Springtime and Showers

If springtime showers make you blue
I have only sympathy for you.
It proves that you don't understand
That nature's way is really grand.

Don't let the showers make you gloom,
It is rain that makes the flowers bloom.
Just smell that perfume in the breeze,
The scent from buds of blooming trees.

When wind blows with a mighty gust,
A shower helps to lay the dust.
I know some folks are hard to please,
They can't see the forest for the trees.

There is nothing that makes me sleep so sound
As when raindrops on the rooftop pound.
No lullaby so sweet as rain
Playing music on the window pane.

I seem to hear the raindrops say,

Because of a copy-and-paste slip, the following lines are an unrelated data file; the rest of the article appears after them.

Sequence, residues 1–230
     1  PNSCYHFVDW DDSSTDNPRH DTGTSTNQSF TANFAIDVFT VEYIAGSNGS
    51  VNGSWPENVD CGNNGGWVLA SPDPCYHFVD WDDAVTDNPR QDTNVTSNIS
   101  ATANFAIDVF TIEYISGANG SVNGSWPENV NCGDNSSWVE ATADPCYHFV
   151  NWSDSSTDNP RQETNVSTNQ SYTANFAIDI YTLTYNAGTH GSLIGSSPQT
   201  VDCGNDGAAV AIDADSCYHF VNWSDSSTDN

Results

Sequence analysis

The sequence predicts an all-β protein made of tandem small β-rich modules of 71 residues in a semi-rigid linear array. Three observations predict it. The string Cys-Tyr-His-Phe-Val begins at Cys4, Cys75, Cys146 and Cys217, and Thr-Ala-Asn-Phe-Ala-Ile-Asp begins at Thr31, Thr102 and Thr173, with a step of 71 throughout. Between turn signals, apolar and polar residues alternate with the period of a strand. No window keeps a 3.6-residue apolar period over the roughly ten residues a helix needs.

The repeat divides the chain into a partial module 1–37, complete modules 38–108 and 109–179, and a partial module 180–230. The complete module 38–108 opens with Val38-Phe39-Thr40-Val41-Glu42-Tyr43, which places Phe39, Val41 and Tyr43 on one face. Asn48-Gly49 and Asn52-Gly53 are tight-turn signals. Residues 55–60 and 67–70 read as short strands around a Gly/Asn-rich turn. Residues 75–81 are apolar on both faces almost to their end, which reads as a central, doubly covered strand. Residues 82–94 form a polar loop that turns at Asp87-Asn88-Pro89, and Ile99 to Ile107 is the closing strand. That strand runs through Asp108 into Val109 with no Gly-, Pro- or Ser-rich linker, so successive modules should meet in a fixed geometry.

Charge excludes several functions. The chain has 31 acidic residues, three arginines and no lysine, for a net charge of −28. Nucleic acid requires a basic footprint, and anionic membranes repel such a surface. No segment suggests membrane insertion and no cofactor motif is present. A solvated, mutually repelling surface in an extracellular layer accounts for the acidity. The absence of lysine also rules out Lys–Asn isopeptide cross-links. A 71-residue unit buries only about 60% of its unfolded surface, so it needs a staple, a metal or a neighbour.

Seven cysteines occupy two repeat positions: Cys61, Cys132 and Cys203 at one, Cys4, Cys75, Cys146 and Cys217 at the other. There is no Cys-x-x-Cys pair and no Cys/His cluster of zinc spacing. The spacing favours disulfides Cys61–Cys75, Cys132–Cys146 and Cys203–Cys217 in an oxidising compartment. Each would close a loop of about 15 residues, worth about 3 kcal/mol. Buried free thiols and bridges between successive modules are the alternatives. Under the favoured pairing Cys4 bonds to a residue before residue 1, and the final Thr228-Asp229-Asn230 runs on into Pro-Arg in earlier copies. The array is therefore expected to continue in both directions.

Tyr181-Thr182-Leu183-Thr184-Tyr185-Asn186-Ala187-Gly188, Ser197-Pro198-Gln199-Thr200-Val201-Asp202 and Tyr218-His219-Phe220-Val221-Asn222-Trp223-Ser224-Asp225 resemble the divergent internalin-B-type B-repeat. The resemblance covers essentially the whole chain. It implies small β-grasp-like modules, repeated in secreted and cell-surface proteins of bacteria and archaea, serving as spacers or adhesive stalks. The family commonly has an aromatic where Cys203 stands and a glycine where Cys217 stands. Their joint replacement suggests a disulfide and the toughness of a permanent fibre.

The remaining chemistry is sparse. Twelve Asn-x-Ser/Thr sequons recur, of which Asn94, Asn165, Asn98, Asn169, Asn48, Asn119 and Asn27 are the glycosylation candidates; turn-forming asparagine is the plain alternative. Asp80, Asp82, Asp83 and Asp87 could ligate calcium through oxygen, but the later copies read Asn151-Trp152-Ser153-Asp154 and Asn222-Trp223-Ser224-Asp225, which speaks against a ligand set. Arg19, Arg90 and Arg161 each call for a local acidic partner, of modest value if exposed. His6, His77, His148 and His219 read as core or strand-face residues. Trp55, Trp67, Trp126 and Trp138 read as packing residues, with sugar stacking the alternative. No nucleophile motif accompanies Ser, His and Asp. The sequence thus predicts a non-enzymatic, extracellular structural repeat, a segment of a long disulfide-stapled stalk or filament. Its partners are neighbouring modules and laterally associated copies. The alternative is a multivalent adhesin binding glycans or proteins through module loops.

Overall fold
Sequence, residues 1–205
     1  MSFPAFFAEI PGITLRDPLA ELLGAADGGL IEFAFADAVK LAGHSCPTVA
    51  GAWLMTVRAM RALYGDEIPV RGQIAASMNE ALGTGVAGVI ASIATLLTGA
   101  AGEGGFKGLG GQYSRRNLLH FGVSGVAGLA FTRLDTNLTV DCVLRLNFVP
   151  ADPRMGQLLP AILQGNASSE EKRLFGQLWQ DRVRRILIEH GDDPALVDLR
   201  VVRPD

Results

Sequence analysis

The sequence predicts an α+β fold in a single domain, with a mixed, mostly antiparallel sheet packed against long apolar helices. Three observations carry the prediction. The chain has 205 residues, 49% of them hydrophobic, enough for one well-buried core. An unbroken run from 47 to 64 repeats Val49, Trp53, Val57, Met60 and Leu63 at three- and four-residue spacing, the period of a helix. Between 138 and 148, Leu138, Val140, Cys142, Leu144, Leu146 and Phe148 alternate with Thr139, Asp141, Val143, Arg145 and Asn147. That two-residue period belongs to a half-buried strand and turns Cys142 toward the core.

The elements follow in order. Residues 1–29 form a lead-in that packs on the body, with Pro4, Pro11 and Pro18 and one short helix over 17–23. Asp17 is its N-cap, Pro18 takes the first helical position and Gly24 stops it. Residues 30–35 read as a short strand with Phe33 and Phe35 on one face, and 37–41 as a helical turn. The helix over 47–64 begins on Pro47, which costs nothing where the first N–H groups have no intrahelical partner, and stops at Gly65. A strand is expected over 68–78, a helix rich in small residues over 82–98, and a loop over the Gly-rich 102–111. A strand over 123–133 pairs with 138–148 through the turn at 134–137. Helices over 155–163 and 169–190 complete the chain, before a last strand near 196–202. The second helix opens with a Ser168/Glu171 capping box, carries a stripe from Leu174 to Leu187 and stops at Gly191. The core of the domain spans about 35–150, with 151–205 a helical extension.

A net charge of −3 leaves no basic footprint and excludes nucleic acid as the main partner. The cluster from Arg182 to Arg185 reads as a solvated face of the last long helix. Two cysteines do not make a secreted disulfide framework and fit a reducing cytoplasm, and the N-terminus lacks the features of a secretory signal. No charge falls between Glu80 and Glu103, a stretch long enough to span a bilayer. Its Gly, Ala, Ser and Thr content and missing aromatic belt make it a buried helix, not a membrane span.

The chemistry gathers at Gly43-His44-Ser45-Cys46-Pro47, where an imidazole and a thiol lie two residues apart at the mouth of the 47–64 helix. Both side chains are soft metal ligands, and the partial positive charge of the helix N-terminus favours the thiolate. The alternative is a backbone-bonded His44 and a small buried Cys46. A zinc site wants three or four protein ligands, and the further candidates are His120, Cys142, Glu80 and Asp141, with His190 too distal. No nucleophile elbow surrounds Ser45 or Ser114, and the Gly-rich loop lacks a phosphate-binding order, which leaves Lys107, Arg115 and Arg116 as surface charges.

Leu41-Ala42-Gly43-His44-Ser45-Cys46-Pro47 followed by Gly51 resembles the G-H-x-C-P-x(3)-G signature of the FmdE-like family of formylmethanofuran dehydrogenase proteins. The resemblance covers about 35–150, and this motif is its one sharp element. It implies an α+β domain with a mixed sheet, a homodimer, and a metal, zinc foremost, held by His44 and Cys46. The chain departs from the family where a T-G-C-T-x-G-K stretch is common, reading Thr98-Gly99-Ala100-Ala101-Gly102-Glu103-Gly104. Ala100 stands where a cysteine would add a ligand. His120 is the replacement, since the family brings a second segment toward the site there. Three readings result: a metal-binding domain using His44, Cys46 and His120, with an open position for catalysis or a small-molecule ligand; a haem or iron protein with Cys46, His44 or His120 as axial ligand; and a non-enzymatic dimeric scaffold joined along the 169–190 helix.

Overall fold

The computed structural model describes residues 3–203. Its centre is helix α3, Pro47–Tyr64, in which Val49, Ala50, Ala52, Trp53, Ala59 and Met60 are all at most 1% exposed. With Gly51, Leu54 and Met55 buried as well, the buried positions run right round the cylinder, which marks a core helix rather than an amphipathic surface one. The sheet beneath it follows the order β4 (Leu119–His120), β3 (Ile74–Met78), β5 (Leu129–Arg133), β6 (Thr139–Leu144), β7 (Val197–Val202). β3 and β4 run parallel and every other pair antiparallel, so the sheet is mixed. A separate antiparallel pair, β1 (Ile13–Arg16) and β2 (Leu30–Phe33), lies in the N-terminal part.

"You will not have to work today!"
Fore when the sky is over cast,
There is nothing to be done so fast.

Tom Hoy

More Later....

Monday, September 13, 2010

As The World Turns

My neighbour is in an awful stew,
he is feeling kind of down and blue.
He saunters over every day --
I listen to what he has to say;
Everything from crops to war
and what they use our taxes for.
His face is nearly two fee long --
he tells me everything is wrong.
He says his crop is very poor,
his ailing livestock he can't cure.
He is just as sure as he can be
we will soon be fighting World War III
It just could be my neighbour is right,
but it won't help to squeal with fright.
I say don't let it get you down,
A smile will help more than a frown.
One thing worrying does not help --
it does no good to sit and yelp.
If we grumble and growl from spring 'til fall
it won't do any good at all.
I tell him he should do like me
and smile in spite of adversity.
I hope he takes these tips from me
as I have been through the mill you see.
Smooth sailing does not good sailors make,
we must have faith the storm will break.
Only God can calm the sea;
I let his spirit pilot me.